The Triple Goddess is a major component of modern Paganism, but the Maiden-Mother-Crone triplicity doesn't appear in ancient Crete. The closest we can come to that kind of "life phases" division is a Younger and Elder Goddess, exemplified by Rhea (the Great Mother) and Ariadne (the daughter). This mother-daughter duo is the possible origin of the Eleusinian Mysteries, whose sacred pair of Demeter and Persephone are well known in the modern Pagan world (check out Charlene Spretnak's inspired book Lost Goddesses of Early Greece for more on this subject). I like to think of this twofold goddess as Maiden and Matriarch, the two stages of womanhood in a society in which women's ability to birth children for men wasn't their primary function in life.
But there is a Minoan triplicity associated with the Goddess. It doesn't have to do with the life stages and fertility functions of women, but with the world around us and how the Sacred Feminine manifests in it. It's the ancient threefold division of Land/Sea/Sky. This triplicity unfolds around each and every one of us every day of our lives.
The last month has presented many changes, both physical and spiritual. In the past month, I've dealt with some mobility-limiting injuries, preparation for the July birthdays in my household, and the completion of two novels, ready for publication. During this time, when I allowed myself to be still and quiet my mind, I could hear a call to connect with the gods. With all of my real-world distractions, I wasn't making time for it. Then I heard someone else reciting a prayer for logic, calm, and open minds. It was so beautiful and well sung, the inspiration to write my own prayer to one of the gods with whom I work, led to the following.
The ancient Minoans revered the sea, and that makes perfect sense. After all, they lived on an island just south of Greece. Granted, it's a fairly large one as islands go: about 260 km (160 miles) long and 60 km (37 miles) wide. Still, the weather on Crete has always been mediated by the sea. And the Minoans plied their trade, becoming the wealthiest merchants of their time, by sailing large ships around the Mediterranean and even out the Straits of Gibraltar, up the Atlantic coast of Europe.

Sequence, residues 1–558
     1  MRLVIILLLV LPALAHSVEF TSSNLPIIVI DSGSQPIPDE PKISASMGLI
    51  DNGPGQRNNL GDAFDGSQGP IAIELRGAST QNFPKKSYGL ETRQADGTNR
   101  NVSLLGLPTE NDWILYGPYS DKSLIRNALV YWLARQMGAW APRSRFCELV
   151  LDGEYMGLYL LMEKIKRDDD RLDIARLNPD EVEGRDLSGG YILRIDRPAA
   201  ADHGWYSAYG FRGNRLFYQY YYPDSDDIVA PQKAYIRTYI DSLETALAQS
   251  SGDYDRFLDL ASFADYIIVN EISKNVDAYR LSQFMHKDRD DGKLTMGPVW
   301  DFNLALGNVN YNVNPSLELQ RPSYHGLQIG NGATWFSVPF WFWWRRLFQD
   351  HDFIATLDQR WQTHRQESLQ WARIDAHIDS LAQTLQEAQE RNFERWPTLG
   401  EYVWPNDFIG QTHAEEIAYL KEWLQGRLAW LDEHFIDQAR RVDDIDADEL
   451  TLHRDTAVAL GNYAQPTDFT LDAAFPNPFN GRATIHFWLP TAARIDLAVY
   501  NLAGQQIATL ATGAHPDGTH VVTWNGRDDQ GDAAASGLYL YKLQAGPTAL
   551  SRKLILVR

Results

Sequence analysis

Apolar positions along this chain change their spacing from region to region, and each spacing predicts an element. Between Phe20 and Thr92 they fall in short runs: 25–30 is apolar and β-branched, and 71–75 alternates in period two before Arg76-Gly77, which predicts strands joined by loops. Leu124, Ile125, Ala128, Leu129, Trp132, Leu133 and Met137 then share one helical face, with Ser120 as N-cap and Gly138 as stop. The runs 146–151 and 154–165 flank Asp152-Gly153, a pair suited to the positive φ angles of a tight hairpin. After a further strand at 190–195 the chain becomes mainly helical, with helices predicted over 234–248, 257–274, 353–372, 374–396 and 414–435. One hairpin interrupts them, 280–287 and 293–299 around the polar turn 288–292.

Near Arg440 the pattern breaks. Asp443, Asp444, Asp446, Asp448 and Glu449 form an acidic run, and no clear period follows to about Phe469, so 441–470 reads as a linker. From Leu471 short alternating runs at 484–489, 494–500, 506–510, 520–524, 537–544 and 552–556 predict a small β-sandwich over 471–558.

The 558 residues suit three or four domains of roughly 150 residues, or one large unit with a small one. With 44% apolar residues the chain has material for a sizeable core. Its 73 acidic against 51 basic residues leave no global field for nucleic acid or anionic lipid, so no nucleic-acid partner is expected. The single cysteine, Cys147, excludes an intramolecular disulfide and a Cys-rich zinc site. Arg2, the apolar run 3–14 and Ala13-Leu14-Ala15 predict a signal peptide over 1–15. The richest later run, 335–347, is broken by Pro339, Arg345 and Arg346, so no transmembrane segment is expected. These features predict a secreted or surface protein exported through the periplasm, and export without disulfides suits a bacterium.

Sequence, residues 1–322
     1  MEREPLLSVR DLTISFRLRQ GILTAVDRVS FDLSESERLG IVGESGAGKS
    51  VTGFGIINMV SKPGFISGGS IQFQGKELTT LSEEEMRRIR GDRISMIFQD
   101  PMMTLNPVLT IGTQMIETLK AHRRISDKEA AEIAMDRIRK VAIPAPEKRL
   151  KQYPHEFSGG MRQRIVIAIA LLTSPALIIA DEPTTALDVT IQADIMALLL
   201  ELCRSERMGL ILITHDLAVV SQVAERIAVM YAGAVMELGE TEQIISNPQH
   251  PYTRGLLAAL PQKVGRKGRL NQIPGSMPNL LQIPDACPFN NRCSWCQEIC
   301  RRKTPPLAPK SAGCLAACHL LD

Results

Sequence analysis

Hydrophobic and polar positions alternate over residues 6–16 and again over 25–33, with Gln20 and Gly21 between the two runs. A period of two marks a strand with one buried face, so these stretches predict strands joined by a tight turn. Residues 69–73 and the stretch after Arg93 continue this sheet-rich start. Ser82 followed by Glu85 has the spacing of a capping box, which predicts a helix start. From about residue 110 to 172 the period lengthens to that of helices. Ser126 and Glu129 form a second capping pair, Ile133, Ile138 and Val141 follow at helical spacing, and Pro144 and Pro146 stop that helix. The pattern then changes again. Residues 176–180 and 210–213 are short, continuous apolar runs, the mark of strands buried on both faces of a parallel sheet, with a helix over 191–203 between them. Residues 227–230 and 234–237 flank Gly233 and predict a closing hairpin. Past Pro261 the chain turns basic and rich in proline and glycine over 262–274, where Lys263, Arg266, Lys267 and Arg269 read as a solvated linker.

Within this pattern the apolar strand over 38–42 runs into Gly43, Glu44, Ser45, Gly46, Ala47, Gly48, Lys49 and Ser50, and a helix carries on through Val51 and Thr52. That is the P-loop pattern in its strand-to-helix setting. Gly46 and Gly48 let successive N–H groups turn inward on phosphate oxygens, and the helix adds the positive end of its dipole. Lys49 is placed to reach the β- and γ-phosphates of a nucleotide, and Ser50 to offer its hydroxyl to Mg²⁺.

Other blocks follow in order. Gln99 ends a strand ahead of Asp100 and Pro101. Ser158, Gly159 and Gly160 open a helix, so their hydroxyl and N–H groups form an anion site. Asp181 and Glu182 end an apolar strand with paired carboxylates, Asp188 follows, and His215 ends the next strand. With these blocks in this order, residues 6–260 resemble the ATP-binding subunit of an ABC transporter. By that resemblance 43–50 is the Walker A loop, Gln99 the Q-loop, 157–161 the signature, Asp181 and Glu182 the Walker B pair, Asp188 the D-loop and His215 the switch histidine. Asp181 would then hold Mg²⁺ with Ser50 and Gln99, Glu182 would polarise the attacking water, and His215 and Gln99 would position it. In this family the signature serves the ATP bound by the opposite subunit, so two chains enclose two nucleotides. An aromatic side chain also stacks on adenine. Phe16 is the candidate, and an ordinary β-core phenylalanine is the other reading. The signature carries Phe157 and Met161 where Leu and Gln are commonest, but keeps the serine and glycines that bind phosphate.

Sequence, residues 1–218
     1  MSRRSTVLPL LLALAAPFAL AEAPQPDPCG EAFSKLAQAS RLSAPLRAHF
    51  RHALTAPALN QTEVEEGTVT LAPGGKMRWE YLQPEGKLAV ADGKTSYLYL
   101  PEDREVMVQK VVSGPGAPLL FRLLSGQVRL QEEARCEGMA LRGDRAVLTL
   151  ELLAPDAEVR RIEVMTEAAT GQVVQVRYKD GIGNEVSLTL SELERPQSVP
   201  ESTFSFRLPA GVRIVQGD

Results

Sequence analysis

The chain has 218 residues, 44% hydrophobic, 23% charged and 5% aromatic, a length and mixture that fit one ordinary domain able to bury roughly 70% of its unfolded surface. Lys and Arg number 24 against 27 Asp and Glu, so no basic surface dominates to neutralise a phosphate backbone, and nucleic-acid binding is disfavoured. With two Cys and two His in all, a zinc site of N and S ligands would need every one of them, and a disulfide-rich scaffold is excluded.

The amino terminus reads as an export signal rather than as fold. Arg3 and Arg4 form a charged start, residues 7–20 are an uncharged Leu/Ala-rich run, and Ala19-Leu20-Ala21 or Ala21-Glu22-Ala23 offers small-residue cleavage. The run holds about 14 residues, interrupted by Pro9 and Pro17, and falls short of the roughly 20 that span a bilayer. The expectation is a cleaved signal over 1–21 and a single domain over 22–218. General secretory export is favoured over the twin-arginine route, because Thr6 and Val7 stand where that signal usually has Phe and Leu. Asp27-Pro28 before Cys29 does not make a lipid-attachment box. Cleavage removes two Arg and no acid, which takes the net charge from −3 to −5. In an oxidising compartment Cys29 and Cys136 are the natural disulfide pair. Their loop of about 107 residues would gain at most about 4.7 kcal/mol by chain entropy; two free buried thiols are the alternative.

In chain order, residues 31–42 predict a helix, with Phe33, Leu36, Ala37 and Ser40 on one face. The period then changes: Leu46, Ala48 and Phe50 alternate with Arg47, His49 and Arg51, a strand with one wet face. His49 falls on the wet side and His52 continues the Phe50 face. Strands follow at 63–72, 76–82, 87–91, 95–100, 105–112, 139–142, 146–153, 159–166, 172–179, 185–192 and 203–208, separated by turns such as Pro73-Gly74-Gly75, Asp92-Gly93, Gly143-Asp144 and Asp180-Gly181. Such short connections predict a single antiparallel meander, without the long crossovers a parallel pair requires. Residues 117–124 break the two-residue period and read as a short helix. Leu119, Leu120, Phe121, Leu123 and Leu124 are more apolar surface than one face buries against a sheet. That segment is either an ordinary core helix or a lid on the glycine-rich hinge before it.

The merchants made their living on the sea and throughout the many centuries of Minoan civilization, the people relied on the sea as a source of food. But I think the Minoans also appreciated the beauty of the marine world, with its varied and fascinating plant and animal inhabitants. For instance, as far as we know they didn't eat dolphins, but there are a lot of dolphins in Minoan art, and not just the famous fresco at the top of this page. Here's a lovely stirrup jar with a leaping dolphin on it (all images are from Wikimedia Commons):
My friends have been on pilgrimage. They’ve walked the Camino and hiked the Himalayas and climbed Glastonbury Tor. They've made it to Dharamsala and Rishikesh. I haven’t done any of that. But I have been to the ocean in Maine. And I have walked back and forth between two points twenty feet apart for long periods. Those are my pilgrimages.
When I was young, my best friend had a pool, and we spent countless hours each summer turning into prunes and pretending we were mermaids. We practiced holding our feet together, flipping imaginary fins as we swam, or, more often, sat on the bottom of the shallow end, having a mermaid tea party. Somewhere along the way, however, I grew too self-conscious of my body in a bathing suit, and I taught myself not to like the water. I’d never been a strong swimmer, so for years I was able to believe that I simply didn’t like being in the water, preferring to dip my toes in the ocean rather than submerge my whole self. Even when, a few years ago, I worked my way back down to a weight were I felt healthy and sexy, I still clung to the belief that I hated going into the water. As I slowly gained weight and lost confidence, it never even occurred to me to question my often-repeated mantra that “I just didn’t like to be in the water”.
If you haven’t yet swum in the mighty Atlantic Ocean, gulped in a little salt water, floated in billowy delicious waves, hiked through deep cream-colored beach sand, picked up shells, jumped to save your bare feet from becoming burnt as you walk over 20 foot, hot dunes, wandered aimlessly in a small New England fishing village, or laughed to an outdoor-theatre Shakespeare Troupe, I highly recommend it. This August saw me doing all of this, and while it was an incredible week, what made it extra special—and a summer’s vacation I will treasure—is that I did it all with my sister.
When I was eleven or twelve, my family took an epic road trip. We traveled from Michigan to the east coast, stopping in Washington, D.C., as well as visiting some family friends who lived near one of Virginia’s beaches. It was my first time meeting the ocean, and the part of the long trip I was looking forward to most.
I still remember the heady feeling of the waves carrying me as I floated, waiting on my borrowed boogie board, the taste of salt in my mouth. It was magical, and I fell in love with the ocean that day.